RSVP by noon, December 12 at This email address is being protected from spambots. You need JavaScript enabled to view it.

No charge to attend • Attend in person or by videoconference

BioHealth Innovation, 1 Church Street, Suite 801, Rockville, MD 20876


Creatv MicroTech, Inc. (Creatv) has received notice from the Japanese Patent Office that its patent covering numerous clinical applications for the detection of cancer associated macrophage-like cells (CAMLs) in cancer patient blood samples has been issued. Clinical applications of the CAML biomarker include cancer screening, various cancer diagnostics, and early detection of disease recurrence. Approved claims cover all solid tumors. Similar patents have been issued in Europe and Australia.


RoosterBio Inc, a leading supplier of human Mesenchymal Stem/Stromal Cell (hMSC) working cell banks and hMSC-specific bioprocess systems, announces today it has submitted a U.S. Food and Drug Administration (FDA) Type II Master File (MF) for its CliniControl™ line of cGMP hMSC working cell banks. This MF complements the MF for the CliniControl RoosterNourish™-MSC-CC bioprocess media that was filed in 2017. The MFs contain confidential information on the products including their chemistry, manufacture, and controls. This enables RoosterBio to protect proprietary product information yet allows the FDA to review the information in support of an investigator’s submission. Upon request, RoosterBio will grant a customer authorization to cross reference the stated MF(s) to support their own regulatory filing, such as an Investigational New Drug (IND) application to the FDA. INDs are filed with the FDA prior to beginning clinical evaluation of new therapeutic products in human subjects.


The recent shocking reports about a human genome editing experiment have led to increased murmurings about the potential pitfalls of improved access to molecular technologies. Sharing speeds science. That’s been the driving concept behind Addgene since its founding. Nowhere has this proved more prescient than in the acceleration of basic research using CRISPR-Cas9 genome editing tools. It would be a tremendous loss of efficiency and funding if this rogue experiment resulted in a reduction in repository deposits and the sharing of research materials.


At Johnson & Johnson, we believe a good idea can come from anywhere. Our aim is to identify, empower and enable the best ideas to get to patients and consumers around the globe. In an effort to unearth the unseen and brightest innovations in healthcare, Johnson & Johnson Innovation is launching a Quick Pitch event where innovators can apply to present to Johnson & Johnson Innovation's leadership during the week of the 37th Annual JP Morgan Healthcare Conference in San Francisco, CA.   If you are selected, you will have an opportunity to present for 5 minutes followed by a 5 minute Q&A session with Johnson & Johnson Innovation's leadership. 

If you have a novel idea that has yet to be introduced to Johnson & Johnson and fits our areas of interest, we would like to hear from you. Apply for an open spot at the Johnson & Johnson Innovation Quick Pitch event to be held on Wednesday, January 9th from 9-11am. Limited spots available.

Applications must be submitted by December 7th.   


The use of tele-medicine is no longer a far off, futuristic concept. It is presently being used in many medical disciplines and in institutions from academic medical centers to privately owned Assisted Living facilities. So what have we learned from utilizing this technology? Have outcomes improved and costs been curtailed? What are the current legislative hurdles regarding licensure and insurance for practitioners? Can the data be easily integrated and accessible to your EHR? Can new entrants into the tele-medicine field differentiate themselves and be fundable to investors? Can we trust the data from wearables and is there enough cybersecurity embedded in these technologies?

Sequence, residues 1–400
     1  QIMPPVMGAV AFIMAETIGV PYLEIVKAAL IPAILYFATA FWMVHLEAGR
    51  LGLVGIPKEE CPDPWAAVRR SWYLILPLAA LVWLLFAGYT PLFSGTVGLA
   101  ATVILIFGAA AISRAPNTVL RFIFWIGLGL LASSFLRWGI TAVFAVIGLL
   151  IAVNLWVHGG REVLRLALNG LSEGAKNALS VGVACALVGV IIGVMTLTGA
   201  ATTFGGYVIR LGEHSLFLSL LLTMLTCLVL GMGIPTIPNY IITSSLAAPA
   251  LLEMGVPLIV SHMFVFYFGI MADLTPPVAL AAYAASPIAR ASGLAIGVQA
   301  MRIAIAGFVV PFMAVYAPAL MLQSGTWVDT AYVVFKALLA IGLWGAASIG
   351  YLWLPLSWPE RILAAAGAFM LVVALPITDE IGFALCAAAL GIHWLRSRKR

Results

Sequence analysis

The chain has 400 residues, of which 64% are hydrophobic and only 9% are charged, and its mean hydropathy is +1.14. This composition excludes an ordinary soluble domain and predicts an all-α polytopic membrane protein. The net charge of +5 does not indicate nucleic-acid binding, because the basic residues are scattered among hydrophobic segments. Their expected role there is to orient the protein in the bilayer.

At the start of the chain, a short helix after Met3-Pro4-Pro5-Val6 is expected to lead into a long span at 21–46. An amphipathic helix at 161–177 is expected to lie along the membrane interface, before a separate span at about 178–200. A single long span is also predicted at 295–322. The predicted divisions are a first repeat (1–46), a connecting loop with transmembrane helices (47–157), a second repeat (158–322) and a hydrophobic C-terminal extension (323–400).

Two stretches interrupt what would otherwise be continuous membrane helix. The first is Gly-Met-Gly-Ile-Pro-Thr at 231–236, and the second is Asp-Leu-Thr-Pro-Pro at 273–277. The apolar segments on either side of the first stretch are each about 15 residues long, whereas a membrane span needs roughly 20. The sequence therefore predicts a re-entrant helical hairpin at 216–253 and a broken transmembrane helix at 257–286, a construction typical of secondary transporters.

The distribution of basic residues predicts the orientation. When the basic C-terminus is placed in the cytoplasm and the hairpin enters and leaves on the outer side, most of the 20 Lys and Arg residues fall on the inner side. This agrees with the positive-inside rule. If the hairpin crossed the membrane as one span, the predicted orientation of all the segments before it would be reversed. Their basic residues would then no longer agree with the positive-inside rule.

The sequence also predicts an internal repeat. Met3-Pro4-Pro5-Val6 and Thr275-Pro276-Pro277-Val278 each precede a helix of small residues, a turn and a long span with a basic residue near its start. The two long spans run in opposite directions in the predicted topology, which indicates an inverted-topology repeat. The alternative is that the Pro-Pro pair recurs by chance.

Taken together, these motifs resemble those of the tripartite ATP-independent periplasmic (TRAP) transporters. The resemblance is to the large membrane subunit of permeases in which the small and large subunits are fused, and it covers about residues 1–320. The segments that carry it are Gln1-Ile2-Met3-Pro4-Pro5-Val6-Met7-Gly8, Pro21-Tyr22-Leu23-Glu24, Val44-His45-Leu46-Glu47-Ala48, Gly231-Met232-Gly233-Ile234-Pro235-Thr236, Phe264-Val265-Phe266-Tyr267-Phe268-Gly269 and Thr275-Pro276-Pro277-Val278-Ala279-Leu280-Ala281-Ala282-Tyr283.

Come to the SoPE National Capital Chapter event on December 5th and learn from the experts!


Recent tax-law changes may bring opportunities for you and your family, so it’s good to know what to look for and when to take action. Download our 2018 Year-End Planning Guide now to find out about potential impacts to your estate, charitable giving strategy, business, and more. Then, contact The Private Bank to discuss how our responsive, team approach to wealth planning may benefit you now and year-round.


The biggest proposed IPO in biotech history just got even bigger.

Cambridge-based Moderna Therapeutics disclosed Wednesday that it's hoping to raise up to $600 million in an initial public offering, an increase from the $500 million maximum it proposed earlier this month. Either sum would shatter the previous record for a life sciences IPO, both in biotech-rich Massachusetts and nationwide.


Higher education R&D expenditures (HERD) grew by 38.9 percent from 2008 to 2017, an increase of more than $21 billion, according to an SSTI analysis of recently released data from the National Science Foundation’s National Center for Science and Engineering Statistics. From 2016 to 2017, HERD grew by $3.8 billion, the largest year-over-year increase since 2010-2011. Higher education R&D expenditures grew the fastest in Connecticut (66.2 percent), Massachusetts (63.9 percent), and Wyoming (63.0 percent) over the 10-year period, while New York ($2.3 billion increase), California ($2.0 billion), and Massachusetts ($1.6 billion) saw the largest absolute gains during this time.